The Last Straw with Time Warner Cable

Time Warner Cable Truck

Image by The Consumerist via Flickr

You can’t help but sigh when your locality is being hit by enormous stupid business plans like tiered Internet. What’s interesting is that the rest of the world is going to a non-tiered service arena (take a look at wireless telecommunications) while Time Warner decides to go backwards instead of forwards.
My serious annoyance here? Everything I do is Internet driven. Voip, high definition streaming, and to top it off, TWC has raised their rates for seven years straight since I’ve moved to the South thinking that I wouldn’t notice the pennies to dollars change each year and calling it “this fee” or “that fee”.
And if the Greensboro market is truly being tacked with this stupid plan and they city doesn’t have some sort of backlash effect, then you can be sure that the rest of the Triad will be hit by the same thing. In fact, I’d be curious if this test market doesn’t actually include “triad.rr.com” instead of just Greensboro.
I had hoped that Beaumont, TX test would have failed miserably and I wouldn’t have to get up in arms about this ever in this area. But it seems like this ridiculousness is about to unfold here and Roch puts out some action plans for city leadership. I definitely believe that Winston-Salem should be up and fighting this alongside their regional neighbors. So should High Point.
While I disagree that MuniWiFi should even be on the table, I think that this gives opportunity for other corporate players that should be sought out to level the playing field. Roch points out that Verizon FiOS [Fiber Optic service] is a contender and I agree. FiOS, or originally FTTP (Fiber To The Premises), is basically fiber optic line to your home or business. This allows you to have high speed internet and other data transmission send over fiber optic cable. Guess what? It’s a subscription unlimited service.
This also paves the way for Clear’s WiMax service. While it is currently in Greensboro, there is a lot of service connection issues that need to be bolstered. But I believe that if they run a good marketing campaign and reinforce their technologies, Craig McCaw’s company can definitely be in the running.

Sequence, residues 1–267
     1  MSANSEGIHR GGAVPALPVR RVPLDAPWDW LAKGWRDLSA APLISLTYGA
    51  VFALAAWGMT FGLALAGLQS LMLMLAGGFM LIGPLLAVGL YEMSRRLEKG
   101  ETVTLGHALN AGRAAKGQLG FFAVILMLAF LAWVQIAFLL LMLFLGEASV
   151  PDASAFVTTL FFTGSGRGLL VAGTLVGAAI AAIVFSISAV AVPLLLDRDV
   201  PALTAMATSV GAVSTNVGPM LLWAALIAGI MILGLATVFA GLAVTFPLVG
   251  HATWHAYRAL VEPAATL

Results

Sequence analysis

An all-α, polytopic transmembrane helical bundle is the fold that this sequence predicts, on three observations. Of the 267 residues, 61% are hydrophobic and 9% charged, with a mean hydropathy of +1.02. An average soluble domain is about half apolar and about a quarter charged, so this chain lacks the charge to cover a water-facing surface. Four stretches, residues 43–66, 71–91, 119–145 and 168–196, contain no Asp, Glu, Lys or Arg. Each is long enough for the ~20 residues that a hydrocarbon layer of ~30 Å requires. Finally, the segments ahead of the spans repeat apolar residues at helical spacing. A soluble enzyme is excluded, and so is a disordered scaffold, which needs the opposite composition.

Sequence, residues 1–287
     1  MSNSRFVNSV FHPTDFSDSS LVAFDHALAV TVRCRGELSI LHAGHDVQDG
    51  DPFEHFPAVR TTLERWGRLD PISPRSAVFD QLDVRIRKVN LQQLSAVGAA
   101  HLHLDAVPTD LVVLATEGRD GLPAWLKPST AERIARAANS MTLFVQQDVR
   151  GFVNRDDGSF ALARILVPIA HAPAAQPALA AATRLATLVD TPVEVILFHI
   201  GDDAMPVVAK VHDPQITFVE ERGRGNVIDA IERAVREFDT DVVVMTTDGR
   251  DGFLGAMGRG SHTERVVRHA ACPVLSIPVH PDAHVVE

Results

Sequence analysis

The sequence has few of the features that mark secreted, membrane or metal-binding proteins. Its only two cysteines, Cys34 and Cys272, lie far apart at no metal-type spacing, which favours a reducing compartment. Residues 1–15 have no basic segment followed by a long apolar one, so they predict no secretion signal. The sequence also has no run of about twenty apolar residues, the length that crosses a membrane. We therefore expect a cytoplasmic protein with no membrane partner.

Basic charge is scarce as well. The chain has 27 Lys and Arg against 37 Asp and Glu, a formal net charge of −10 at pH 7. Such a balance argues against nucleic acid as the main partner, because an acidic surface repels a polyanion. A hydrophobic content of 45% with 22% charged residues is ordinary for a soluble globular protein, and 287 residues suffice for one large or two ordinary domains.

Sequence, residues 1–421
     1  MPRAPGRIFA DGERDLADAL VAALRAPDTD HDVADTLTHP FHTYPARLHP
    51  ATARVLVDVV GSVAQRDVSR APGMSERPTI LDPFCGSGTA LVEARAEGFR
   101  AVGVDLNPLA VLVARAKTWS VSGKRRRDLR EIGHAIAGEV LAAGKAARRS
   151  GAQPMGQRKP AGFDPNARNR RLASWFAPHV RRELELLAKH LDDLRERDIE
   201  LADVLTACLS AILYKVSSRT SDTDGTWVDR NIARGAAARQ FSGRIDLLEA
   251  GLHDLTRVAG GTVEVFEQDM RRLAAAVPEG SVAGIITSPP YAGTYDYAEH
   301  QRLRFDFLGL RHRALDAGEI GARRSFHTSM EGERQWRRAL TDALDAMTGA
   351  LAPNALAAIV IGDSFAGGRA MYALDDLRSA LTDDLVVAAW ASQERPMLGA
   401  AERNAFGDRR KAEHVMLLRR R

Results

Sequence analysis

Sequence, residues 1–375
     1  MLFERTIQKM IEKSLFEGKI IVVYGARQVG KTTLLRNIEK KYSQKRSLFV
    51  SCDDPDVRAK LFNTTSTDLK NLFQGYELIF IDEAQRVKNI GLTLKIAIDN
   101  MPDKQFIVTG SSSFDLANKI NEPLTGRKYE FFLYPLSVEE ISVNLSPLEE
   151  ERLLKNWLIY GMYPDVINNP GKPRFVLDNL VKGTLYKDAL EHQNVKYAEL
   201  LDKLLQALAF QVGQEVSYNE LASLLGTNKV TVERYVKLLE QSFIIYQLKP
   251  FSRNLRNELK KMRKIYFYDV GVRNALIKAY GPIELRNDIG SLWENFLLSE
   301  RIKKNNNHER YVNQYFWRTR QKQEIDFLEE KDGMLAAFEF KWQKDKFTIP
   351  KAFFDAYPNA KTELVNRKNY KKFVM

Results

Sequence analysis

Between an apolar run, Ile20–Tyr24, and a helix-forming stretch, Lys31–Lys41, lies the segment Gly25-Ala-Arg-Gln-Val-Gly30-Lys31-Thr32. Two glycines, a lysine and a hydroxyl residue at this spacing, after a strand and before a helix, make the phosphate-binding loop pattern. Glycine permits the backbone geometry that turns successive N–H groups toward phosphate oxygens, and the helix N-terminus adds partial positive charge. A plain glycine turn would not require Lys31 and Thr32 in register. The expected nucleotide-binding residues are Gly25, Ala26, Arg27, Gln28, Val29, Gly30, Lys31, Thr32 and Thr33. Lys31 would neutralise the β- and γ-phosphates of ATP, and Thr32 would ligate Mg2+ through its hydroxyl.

It takes very little to have city leadership question why we should even be bothering with paying “more” when technology keeps innovating towards higher bandwidth environments and in these bad economic times, we really shouldn’t be paying more for the same services.
Let’s be frank here. TWC claims that the top 25% of their users use 100x more than their bottom 75%. But do they take into account perhaps that these are the same individuals that use say… Internet for their jobs? Perhaps actually first adopt technologies like streaming technologies which eventually actually become mainstream? Let’s not forget that TWC actually jumped on the entire VoIP bandwagon AFTER Vonage made it more worthwhile and cheaper to take on the phone companies. Not before.
This entire thing stinks to high heaven, and something needs to be done.

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  • “Perhaps actually first adopt technologies like streaming technologies which eventually actually become mainstream?
    Well, that’s an excellent point (and probably, unfortunately, a statement of the obvious). I think it is safe to say that that top percentage of bandwidth user are, as you suggest, a sign of what’s to come. I think TWC is trying to set plans in place that will require more and more people to move into higher priced tiers as they discover more uses for the internet — either that or Greensboro will become a backwater where people don’t use the internet as much as people in other parts of the country because they must limit their access.
    Austin, TX is also in TWC’s cross hairs, their elected leadership looks a little more proactive than Greensboro’s as one of their city council people (and a mayoral candidate) has already issued a statement condemning this move.
    http://www.bizjournals.com/austin/stories/2009/03/30/daily47.html

  • “Perhaps actually first adopt technologies like streaming technologies which eventually actually become mainstream?
    Well, that’s an excellent point (and probably, unfortunately, a statement of the obvious). I think it is safe to say that that top percentage of bandwidth user are, as you suggest, a sign of what’s to come. I think TWC is trying to set plans in place that will require more and more people to move into higher priced tiers as they discover more uses for the internet — either that or Greensboro will become a backwater where people don’t use the internet as much as people in other parts of the country because they must limit their access.
    Austin, TX is also in TWC’s cross hairs, their elected leadership looks a little more proactive than Greensboro’s as one of their city council people (and a mayoral candidate) has already issued a statement condemning this move.
    http://www.bizjournals.com/austin/stories/2009/03/30/daily47.html